Cries of police abuse prompt CHR probe into envi activist’s arrest
MANILA, Philippines — The Commission on Human Rights (CHR) has started its own investigation on the arrest of an elderly environmental activist in Pakil, Laguna for rebellion charges, saying that they will look into allegations that the arrest was baseless and excessive force was used by the police.
In a statement on Friday, CHR Executive Director Jacqueline de Guia said CHR’s office in Calabarzon is digging deeper into the case of Daisy Macapanpan, who was arrested last June 11.
Police said Macapanpan was a ranking member of the Communist Party of the Philippines – New People’s Army (CPP-NPA), but her friends and colleagues have disputed these allegations.
“The [CHR], through its Regional Office in Region IV-A, is already conducting a motu propio (on its own) investigation into the arrest of environmental defender and activist Daisy Macapanpan on Saturday, 11 June 2022 in Pakil town, Laguna,” de Guia said.
“Environmental groups and colleagues have since questioned the basis, as well as the manner, of the arrest claiming that excessive force was also used. CHR will be looking into these allegations of several human rights violations — noting allegations of police brutality, crackdown of dissent, as well as red-tagging — said to have links to the environmental cause of Macapanpan,” she added.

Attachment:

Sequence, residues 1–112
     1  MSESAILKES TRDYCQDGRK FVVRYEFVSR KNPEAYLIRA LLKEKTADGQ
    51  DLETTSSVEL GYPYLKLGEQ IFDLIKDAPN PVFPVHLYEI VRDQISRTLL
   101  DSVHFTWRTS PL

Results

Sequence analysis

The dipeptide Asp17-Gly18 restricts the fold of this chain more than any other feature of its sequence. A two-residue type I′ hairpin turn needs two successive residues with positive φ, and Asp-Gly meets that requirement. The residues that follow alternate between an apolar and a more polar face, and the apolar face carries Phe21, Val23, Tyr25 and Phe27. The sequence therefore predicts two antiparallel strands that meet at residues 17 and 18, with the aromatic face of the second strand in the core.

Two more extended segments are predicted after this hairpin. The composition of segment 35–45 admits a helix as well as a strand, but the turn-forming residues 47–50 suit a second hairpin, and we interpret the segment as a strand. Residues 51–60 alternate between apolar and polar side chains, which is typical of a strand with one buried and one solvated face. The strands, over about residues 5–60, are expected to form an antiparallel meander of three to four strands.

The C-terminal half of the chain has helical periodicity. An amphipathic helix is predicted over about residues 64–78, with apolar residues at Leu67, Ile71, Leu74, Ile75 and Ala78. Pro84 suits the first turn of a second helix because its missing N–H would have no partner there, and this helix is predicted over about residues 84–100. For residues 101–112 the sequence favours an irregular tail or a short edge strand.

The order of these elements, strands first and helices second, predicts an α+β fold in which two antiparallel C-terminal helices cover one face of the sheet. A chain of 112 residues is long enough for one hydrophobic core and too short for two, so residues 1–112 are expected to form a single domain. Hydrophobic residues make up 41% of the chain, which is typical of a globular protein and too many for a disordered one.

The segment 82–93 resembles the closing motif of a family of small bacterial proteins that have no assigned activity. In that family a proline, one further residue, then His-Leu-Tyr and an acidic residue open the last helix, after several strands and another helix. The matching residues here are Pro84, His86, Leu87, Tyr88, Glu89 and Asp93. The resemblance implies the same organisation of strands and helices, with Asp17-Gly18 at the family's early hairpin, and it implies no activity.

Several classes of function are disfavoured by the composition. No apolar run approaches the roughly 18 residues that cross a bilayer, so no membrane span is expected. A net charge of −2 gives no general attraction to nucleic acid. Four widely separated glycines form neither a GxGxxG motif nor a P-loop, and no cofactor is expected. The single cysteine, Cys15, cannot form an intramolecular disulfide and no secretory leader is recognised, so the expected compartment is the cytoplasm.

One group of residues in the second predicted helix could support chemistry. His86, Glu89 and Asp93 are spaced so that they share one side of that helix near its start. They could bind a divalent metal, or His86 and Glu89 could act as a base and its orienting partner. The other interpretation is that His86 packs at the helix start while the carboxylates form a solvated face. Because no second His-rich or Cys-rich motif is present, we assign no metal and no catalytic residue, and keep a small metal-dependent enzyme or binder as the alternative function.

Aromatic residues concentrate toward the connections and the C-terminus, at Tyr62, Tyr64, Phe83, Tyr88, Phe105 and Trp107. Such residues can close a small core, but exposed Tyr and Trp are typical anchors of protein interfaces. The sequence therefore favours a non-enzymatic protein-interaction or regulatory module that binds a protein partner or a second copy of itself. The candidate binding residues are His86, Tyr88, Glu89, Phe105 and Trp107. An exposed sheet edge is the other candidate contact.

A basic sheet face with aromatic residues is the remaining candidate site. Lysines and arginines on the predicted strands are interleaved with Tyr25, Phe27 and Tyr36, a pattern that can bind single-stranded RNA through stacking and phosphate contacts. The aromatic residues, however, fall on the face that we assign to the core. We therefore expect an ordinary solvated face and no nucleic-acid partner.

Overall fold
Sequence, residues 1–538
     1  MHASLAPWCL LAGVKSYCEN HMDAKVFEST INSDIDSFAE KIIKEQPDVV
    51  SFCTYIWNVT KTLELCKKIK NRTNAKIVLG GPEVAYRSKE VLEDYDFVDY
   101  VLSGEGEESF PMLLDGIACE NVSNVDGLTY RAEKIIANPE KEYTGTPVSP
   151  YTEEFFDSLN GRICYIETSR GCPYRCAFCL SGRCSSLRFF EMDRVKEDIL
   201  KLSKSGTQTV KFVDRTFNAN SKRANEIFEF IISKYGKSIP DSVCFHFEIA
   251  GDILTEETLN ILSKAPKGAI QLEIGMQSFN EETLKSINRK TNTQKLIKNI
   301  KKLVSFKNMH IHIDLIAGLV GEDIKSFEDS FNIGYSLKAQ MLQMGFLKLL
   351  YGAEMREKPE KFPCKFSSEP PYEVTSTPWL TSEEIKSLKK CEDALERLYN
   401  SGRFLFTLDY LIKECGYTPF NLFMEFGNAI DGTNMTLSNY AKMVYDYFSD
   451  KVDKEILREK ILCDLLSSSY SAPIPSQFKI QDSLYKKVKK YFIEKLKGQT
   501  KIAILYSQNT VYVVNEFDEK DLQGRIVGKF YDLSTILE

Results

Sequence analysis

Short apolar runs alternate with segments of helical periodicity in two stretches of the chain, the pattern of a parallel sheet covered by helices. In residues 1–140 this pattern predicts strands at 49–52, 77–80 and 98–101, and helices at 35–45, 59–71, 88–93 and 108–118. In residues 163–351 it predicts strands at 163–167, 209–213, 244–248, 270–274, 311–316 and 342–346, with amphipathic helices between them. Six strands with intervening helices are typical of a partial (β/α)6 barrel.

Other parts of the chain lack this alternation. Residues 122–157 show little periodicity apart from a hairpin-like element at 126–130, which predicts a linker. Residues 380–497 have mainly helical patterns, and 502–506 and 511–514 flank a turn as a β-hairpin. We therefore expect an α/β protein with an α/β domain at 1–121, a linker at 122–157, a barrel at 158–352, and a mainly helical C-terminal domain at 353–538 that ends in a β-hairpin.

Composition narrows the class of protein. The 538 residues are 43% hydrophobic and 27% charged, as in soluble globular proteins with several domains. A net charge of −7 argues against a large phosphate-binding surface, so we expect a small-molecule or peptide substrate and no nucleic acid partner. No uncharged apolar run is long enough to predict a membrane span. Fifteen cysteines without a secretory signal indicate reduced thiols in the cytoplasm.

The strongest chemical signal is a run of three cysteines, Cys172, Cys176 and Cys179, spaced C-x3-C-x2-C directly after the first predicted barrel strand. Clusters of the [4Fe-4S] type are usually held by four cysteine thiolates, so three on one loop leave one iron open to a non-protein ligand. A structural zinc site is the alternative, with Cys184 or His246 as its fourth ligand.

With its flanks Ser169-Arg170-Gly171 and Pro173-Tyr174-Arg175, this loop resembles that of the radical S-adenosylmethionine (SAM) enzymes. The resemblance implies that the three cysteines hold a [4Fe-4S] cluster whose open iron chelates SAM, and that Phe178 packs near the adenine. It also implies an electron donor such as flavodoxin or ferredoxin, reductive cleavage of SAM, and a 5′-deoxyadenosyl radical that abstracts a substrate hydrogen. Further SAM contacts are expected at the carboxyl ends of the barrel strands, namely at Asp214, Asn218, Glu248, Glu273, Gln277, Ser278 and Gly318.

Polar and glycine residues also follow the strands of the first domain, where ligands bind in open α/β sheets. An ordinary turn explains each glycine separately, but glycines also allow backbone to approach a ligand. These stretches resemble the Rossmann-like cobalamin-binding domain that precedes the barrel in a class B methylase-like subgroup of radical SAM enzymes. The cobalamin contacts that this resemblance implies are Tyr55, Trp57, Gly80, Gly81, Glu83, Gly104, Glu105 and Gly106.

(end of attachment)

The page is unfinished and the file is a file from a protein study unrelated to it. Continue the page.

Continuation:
CHR also noted that Macapanpan’s arrest came after she delivered a speech against the construction of a dam over Mt. Inumpong, a part of the Sierra Madre mountain range that sits near Pakil.
This comes as Pakil’s town mayor also questioned the incident, saying that Macapanpan was arrested on vague charges.
“According to reports, she was arrested after delivering a speech protesting the construction of the Ahunan Pumped-Storage Hydropower Project on top of Mt. Inumpong of the Sierra Madre mountain range along Pakil, Laguna, which was said to negatively impact the environment, the wildlife, and the religious practices of the community in the affected area,” de Guia said.
“The arrest was reportedly carried out by a 25-member Philippine National Police-Special Action Force team using an alias to identify Macapanpan and by virtue of a warrant of arrest for an alleged rebellion case in 2008,” she added.
Just this Wednesday, the Philippine National Police, during a television program, released body-worn camera footage taken during Macapanpan’s arrest to disprove allegations that the Miranda rights were not read after the activist was apprehended.
Also recorded were Macapanpan’s questions on who is being arrested, claiming that she does not know the individuals mentioned by the arresting officer. She also insisted that police personnel on the ground bring her to the barangay captain so that her identity can be ascertained.
During the same television program, Quezon Police Provincial Office deputy director Lt. Col. Noel Divino defended the deployment of at least 25 police officers — including Special Action Force troopers — saying that it was meant to secure the arresting officers.
Macapanpan, accused of being a part of the communist rebels’ Southern Tagalog Regional Party Committee (STRPC), was only arrested by five officers, according to Divino.
Several of Macapanpan’s colleagues, including those from her days as a University of the Philippines – Baguio instructor, called on the police to release the activist from detention, claiming that the suspect was merely defending the people’s rights to a good environment.
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